The news caster pronounces ‘superior’ as /səˈpɪər i ər/. And I can find his pronunciation in the Random House Dictionary. But the other major dictionaries show /suːˈpɪriər/ or /sjuːˈpɪəriə/. So I can’t decide ‘superior’ alone can be pronounced /səˈpɪər i ər/, when it is pronounced by itself not in the sentence?
This is closely related to an earlier question, which I think it would repay you to consult.
What is in play here is varying realizations and transcriptions of a close rounded reduced vowel: a vowel representing a stem <u> which is not only unstressed but 'bleached' of much of its distinctive character. For historical reasons, some dictionaries and phonologists represent this vowel with a schwa /ə/, others with /u/ or /ʊ/. (I find it difficult to believe that anybody has ever pronounced this syllable with /uː/, unless under special circumstances requiring the syllable be unnaturally stressed.) This Wikipedia article tells us the Oxford dictionaries are starting to use a symbol of their own, /ᵿ/, for this sound.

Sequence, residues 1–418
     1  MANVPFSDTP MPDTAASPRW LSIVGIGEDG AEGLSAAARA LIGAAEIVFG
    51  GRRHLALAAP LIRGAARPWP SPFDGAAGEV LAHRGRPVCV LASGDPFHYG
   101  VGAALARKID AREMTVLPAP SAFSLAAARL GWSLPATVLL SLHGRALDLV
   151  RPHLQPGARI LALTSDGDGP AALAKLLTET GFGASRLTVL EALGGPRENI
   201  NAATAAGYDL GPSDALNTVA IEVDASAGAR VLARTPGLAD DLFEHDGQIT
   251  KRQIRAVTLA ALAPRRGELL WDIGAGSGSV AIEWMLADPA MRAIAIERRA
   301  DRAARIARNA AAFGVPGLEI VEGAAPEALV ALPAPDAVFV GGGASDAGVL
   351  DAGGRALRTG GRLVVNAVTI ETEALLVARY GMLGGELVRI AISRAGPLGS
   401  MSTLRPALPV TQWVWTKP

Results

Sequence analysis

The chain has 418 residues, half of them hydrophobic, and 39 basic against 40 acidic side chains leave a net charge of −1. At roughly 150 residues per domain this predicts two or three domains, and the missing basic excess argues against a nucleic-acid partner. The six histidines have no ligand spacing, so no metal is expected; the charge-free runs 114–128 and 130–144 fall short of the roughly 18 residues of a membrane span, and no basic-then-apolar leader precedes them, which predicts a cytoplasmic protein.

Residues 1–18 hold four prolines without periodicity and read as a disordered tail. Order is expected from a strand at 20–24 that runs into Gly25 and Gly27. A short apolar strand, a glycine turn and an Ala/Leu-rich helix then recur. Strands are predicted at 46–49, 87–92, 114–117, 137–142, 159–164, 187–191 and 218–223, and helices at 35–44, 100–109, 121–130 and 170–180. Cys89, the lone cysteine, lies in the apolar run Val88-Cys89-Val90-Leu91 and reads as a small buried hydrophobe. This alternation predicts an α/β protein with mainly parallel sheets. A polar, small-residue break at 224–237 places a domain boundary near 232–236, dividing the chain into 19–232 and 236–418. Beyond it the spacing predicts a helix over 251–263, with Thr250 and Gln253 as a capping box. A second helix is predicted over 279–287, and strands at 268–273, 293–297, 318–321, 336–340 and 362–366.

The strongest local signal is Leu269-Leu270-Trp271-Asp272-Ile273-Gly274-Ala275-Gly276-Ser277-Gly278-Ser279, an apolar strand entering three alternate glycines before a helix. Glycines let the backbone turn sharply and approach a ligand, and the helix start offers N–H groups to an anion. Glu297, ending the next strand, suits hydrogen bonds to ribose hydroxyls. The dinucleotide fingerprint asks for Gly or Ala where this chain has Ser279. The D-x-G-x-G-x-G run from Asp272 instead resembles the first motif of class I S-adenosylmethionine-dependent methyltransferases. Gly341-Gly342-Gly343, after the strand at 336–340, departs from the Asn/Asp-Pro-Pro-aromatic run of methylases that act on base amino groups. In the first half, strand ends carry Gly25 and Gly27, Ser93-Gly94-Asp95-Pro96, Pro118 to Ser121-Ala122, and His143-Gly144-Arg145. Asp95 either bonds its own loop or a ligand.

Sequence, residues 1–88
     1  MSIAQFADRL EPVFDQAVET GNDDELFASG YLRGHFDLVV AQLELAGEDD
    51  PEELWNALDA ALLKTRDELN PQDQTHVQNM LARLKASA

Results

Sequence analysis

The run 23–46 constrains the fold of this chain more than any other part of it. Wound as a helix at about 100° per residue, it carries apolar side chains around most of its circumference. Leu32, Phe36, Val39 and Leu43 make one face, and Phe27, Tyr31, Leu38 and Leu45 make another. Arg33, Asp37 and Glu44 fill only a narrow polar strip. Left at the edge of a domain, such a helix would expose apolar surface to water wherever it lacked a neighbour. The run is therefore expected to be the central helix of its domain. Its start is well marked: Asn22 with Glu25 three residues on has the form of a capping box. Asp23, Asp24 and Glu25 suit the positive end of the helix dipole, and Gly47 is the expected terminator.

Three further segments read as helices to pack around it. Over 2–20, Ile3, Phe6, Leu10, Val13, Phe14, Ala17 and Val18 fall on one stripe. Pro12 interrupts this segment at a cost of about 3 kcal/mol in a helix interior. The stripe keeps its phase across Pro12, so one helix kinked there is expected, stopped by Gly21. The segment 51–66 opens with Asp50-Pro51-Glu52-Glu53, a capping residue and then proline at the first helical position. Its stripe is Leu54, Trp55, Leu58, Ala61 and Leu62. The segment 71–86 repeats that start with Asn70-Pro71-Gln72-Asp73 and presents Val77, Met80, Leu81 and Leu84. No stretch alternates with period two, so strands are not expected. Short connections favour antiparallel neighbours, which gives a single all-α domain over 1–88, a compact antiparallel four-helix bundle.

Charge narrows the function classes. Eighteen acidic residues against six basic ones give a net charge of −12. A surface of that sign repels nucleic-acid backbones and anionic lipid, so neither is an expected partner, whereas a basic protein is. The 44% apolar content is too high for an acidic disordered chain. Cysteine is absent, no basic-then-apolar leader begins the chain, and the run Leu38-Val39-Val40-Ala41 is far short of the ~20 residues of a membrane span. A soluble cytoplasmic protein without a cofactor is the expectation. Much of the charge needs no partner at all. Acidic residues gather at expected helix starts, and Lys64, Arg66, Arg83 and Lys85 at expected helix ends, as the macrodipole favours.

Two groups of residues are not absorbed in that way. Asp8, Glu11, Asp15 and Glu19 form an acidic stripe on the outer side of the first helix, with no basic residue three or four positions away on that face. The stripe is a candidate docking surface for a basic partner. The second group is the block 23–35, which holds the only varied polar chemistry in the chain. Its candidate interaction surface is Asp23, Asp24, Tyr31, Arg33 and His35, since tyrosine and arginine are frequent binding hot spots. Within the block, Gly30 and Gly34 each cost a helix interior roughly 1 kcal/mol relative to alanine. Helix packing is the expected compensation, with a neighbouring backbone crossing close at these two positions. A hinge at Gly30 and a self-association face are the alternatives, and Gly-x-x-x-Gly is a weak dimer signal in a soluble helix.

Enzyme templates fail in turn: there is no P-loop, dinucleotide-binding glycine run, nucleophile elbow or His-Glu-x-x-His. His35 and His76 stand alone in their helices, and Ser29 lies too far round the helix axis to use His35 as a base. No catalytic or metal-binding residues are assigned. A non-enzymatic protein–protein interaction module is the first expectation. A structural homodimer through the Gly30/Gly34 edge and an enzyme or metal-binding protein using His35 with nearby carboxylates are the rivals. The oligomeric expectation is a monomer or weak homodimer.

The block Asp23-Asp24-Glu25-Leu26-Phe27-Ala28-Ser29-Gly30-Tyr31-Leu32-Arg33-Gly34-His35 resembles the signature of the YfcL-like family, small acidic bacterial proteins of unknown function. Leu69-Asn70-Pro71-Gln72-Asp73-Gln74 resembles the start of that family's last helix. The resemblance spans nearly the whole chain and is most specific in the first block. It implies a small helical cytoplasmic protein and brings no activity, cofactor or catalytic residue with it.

But it's not something anybody but a professional phonologist or phonetician needs to worry about. As long as you pronounce the syllable without stress, nobody will notice whether you say /sə/ or /sʊ/ or even /sɪ/; what people actually hear is the stressed vowels.